Faculty of Science, 2017
Marianne Muggeridge is a full-time artist recently moved to Taranaki, having previously lived for 11 years in Wellington.
Marianne’s ‘creative impetus’ has been to work from life in a variety of media. “I was taught life drawing at Elam in 1971, and though it was not for very long, I was set on a course of painting and drawing from life and from what I saw.”
Her talent for portraiture granted her the opportunity to paint two very important portraits of Victoria alumni who are remembered as two of New Zealand’s great contributors to science - Alan MacDiarmid, and Sir Paul Callaghan.
In 2002, Marianne was commissioned to paint a portrait of Nobel Prize-winning chemist, and Victoria graduate, Alan MacDiarmid by the New Zealand Portrait Gallery and the Royal Society of New Zealand.
In 2008, she was again commissioned by the Royal Society to paint Sir Paul Callaghan who obtained his undergraduate degree in Physics here at Victoria and was a Professor here from 2001 until his death in 2012.
Marianne’s creative process for both portraits of Alan and Sir Paul stayed true to her signature style: both were painted in real time with the sitter in front of her.
When asked how she decided on the aesthetic of each portrait, Marianne described her given parameters as, “being completely free to do as I thought fit. I collaborated with each of the sitters about the actual mechanics of painting from life”.
Alan came to Marianne’s studio over a long weekend to sit for the painting of his head and neck. “I asked him for his shirt, as he was leaving New Zealand for Philadelphia, and dressed up a dummy,” says Marianne. From this she was able to complete his body.
The chemical equation on the wall behind Alan in his portrait is his Nobel Prize-winning formula polyacetylene – a chain of carbon and hydrogen atoms that has been ‘doped’ with an iodine atom.
When painting Sir Paul, Marianne set her easel up in his office at the MacDiarmid institute. “I had more time with Paul. His diagnosis came through just as I had finished his head.”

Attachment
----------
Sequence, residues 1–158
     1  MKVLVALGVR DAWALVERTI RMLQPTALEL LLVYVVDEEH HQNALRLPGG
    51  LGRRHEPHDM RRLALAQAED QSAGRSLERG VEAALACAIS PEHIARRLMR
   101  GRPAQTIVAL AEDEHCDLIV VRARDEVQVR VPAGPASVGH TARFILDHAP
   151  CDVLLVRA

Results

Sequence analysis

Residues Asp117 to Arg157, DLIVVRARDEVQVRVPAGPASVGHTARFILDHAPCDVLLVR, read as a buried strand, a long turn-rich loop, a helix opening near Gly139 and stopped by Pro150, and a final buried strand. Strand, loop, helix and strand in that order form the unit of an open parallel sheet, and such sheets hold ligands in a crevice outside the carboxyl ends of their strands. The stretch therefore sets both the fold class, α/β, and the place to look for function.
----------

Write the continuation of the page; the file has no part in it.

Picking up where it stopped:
Marianne was set to meet with Sir Paul again but, due to his illness, the completion of his head marked their last session together. “Both such busy and popular men, I could not ask them to sit while I painted the folds in their shirts - their hands were both done from photos.”
When reflecting on the painting of the two scientists Marianne spoke of both men with affection.
“I spent long hours with both Alan and Paul. We talked about all sorts of things, both were generous with their time.”
“We had some funny moments - at one time Paul was trying to explain what he did as a scientist, and with next to no response, said that he ‘worked with very, very, small things.'”
Since 2005, the Royal Society of New Zealand has organised special VIP science classes where movers and shakers in the arts and cultural sector have been invited to learn about science and incorporate it into their practices.
Marianne’s regular attendance at these classes speaks to the value of bringing together the two disciplines. Although their disciplines were worlds apart, together Marianne, Sir Paul and Alan show the interconnected nature of creativity and the sciences.
Looking to the future, Marianne continues to paint in her shared studio space with her husband Roger.